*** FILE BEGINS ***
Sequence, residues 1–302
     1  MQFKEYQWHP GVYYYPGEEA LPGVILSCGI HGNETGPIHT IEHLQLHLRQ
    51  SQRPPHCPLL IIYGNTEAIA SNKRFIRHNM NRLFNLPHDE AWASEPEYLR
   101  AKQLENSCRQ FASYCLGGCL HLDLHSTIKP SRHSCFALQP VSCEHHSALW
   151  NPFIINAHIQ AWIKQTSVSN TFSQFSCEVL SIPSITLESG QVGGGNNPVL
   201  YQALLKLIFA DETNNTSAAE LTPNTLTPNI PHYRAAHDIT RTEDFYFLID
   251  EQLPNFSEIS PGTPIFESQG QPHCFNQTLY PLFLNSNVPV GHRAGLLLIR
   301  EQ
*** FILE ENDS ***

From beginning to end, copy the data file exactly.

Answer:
Sequence, residues 1–302
     1  MQFKEYQWHP GVYYYPGEEA LPGVILSCGI HGNETGPIHT IEHLQLHLRQ
    51  SQRPPHCPLL IIYGNTEAIA SNKRFIRHNM NRLFNLPHDE AWASEPEYLR
   101  AKQLENSCRQ FASYCLGGCL HLDLHSTIKP SRHSCFALQP VSCEHHSALW
   151  NPFIINAHIQ AWIKQTSVSN TFSQFSCEVL SIPSITLESG QVGGGNNPVL
   201  YQALLKLIFA DETNNTSAAE LTPNTLTPNI PHYRAAHDIT RTEDFYFLID
   251  EQLPNFSEIS PGTPIFESQG QPHCFNQTLY PLFLNSNVPV GHRAGLLLIR
   301  EQ